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AHEC Overview & Mission

The AHEC (Area Health Education Centers) program was developed by Congress in 1971 to recruit, train and retain a health professions workforce committed to underserved populations. The AHEC program helps bring the resources of academic medicine to address local community health needs. The strength of the AHEC Network is its ability to creatively adapt national initiatives to help address local and regional healthcare issues.

Today, 56 AHEC programs with more than 235 centers operate in almost every state and the District of Columbia. Approximately 120 medical schools and 600 nursing and allied health schools work collaboratively with AHECs to improve health for underserved and under-represented populations.


®    Over 379,000 students introduced to health career opportunities

®    Over 33,000 students received more than 20 hours of health career exposure, information and academic enhancements to prepare them for health professions training programs


®    Over 44,000 health professions students received training at 17,530 community-based sites

®    Nearly 8,000 of the community-based training sites were located in underserved areas, including over 3,500 in designated Health Professions Shortage Areas (HPSAs) and almost 1,000 at Community Health Centers

®    Over 60% of the health professions students were physicians (42%) or nurses (19%)



®    Over 482,000 health professionals received training through AHEC continuing education programs

®    Almost half of the continuing education program participants were physicians (26%) or nurses (20%)

®    Awarded 1.1 million contact hours of continuing education programs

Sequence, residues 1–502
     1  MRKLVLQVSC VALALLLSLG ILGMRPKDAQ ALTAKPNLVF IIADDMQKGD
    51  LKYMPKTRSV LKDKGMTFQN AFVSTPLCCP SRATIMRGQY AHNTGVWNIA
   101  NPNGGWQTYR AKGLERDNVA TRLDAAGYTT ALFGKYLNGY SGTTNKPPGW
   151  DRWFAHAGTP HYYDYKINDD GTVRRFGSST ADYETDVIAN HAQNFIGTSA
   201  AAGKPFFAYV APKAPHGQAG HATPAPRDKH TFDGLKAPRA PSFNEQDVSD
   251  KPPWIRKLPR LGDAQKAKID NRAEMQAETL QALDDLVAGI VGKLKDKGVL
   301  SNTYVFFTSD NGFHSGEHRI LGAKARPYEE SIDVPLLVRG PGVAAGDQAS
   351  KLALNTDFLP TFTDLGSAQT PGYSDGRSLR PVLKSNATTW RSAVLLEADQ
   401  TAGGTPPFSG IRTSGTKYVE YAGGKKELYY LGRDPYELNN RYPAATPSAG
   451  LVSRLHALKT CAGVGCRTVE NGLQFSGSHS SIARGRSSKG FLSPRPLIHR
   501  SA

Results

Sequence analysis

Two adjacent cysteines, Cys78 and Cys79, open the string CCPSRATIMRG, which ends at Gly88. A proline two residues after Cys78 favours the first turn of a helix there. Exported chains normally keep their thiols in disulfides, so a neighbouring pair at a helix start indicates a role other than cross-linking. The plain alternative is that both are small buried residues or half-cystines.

NAO Committee on Research and Evaluation 2008, CPMS/UPR AHEC funding
at the federal level is through the Bureau of Health Professions, HRSA

Imbalances in our healthcare system result in marked inequities in access to and quality of healthcare services. This perpetuates disparities in health status and the under-representation of minority and disadvantaged individuals in the healthcare workforce. AHEC programs play a key role in correcting these inequities and strengthening the nation’s health care safety net. Through community-based interdisciplinary training programs, AHECs identify, motivate, recruit, train, and retain a health care workforce committed to underserved populations.

AHEC Mission

The National AHEC Organization represents a network of more than 300 AHEC program offices and centers that serve over 85% of United States counties. The NAO mission is to help its members achieve the AHEC mission through advocacy, education, and research. The AHEC mission is to enhance access to quality health care, particularly primary and preventive care, by improving the supply and distribution of healthcare professionals via strategic partnerships with academic programs, communities, and professional organizations.


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